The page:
The peripheral portion, preferably comprises a plurality of straps.

Preferably, there are four straps. Each strap, preferably comprises a plurality of holes at a distal end, which holes are provided to permit the straps to be sewn to the heart tissue.

The attachment device body may be arcuate in shape. The attachment device may be cup-shaped with the rim of the body comprising the peripheral portion.

The attachment device may comprise an outer convex surface and an opposing inner concave surface. The concave surface being the surface which is arranged to be attached to the surface of a heart.

The pacemaker may be fully contained within the attachment device.

Preferably, each strap comprises a hook for attaching that strip to the heart. According to another embodiment of the present invention an electrode of the pacemaker may be provided on the peripheral portion or one or more of the straps of the peripheral portion.

Preferably, the attachment device comprises a resilient material.

Alternatively, the attachment device is in the form of a bag within which is located the pacemaker. The or each electrode of the pacemaker being arranged to protrude through the bag so that when the bag is connected to the surface of the heart.a heart, the or each electrode of the pacemaker contacts heart tissue.

According to another aspect of the present invention there is provided a pacemaker for a heart, comprising at least one stimulating electrode, a pulse generator means for generating a series of pulses, the pulse generator means in use being arranged to deliver pulses of opposite polarity to the or each stimulating electrode.

Preferably the pulses are periodic.

The pulses may comprise an equal number of positive and negative pulses.

The pulses may also comprise a sequence of positive pulses followed by a sequence of negative pulses.

In a preferred embodiment of the present invention each pulse is followed by another pulse of opposite polarity.

Preferably each pulse of opposite polarity has a substantially identical wave form.

Each pulse may have a substantially identical wave form.

According to another embodiment the root mean squared (RMS) value of each waveform is identical. The pulses preferably are current or voltage pulses. Each pulse is preferably generated at successive equally spaced time intervals.

A sequence of pulses may be generated at successive equally spaced time intervals. The pulse generator means preferably comprises a pulse generator.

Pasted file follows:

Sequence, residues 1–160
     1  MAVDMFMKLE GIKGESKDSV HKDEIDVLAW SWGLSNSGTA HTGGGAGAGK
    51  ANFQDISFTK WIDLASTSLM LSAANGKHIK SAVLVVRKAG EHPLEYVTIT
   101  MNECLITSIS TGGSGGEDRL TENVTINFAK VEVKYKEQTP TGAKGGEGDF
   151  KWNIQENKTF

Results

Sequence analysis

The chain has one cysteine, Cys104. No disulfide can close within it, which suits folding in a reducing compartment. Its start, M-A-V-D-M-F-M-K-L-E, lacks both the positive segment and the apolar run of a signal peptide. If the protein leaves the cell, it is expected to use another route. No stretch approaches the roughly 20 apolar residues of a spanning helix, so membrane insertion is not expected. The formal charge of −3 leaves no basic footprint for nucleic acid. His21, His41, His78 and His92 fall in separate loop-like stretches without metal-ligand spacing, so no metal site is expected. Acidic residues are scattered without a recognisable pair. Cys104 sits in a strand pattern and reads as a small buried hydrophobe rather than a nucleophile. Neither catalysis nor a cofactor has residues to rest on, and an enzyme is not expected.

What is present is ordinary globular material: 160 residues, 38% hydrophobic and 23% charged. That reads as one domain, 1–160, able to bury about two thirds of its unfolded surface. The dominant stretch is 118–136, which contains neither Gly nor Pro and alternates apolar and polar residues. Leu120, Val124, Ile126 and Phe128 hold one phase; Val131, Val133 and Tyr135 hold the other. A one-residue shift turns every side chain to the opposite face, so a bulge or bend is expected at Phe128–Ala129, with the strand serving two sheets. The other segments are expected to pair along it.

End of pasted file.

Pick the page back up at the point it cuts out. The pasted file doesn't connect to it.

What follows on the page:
The pulse generator means can comprise switching circuitry for switching pulses from positive to negative. It is preferred that the pulse generator means comprises a timer circuit for determining the time interval separating each pulse.

The timer circuit may be connected with the pulse generator and the switching circuit.

Preferably the pulse generator means comprises a battery connected to the timer circuit and pulse generator.

According to an alternative form of the present invention the pulse generator is connected with an output circuit of the pulse generator means.

The switching circuit may also be connected with the output circuit.

The pacemaker may be a self-contained unit which is arranged to be attached to a heart.

The timer circuit can be controlled to vary the time interval between successive pulses.

The pulse generator means can be controlled to vary the amplitude of each pulse generated. The pacemaker comprises two stimulating electrodes one acting as an anode the other as a cathode.

It is preferred that the pacemaker comprises an additional electrode acting as an indifferent electrode.

The pulse generator means may also comprises a microprocessor for controlling the pulse generator.

It is preferred that the pacemaker comprises a sensing electrode for sensing the current or voltage at the electrode when the pacemaker is in use.

Preferably when in use the pacemaker substantially eliminates polarisation at the or each stimulating electrode.

Preferred embodiments of the present invention will now be described by way of example only with reference to the accompanying drawings in which: Figure 1A shows a bottom view of the pacemaker according to a first aspect of the present invention;

Figure IB shows a side view of the pacemaker shown in figure 1A;

Figure 1C shows a sectional view of the pacemaker shown in figure 1A and figure IB; and

Figure 2 shows an alternative embodiment of the pacemaker according to the present invention.

Figure 3 shows a pulse generator means in accordance with the present invention; and Figure 4 shows pulses generated by the pulse generator means of figure 3.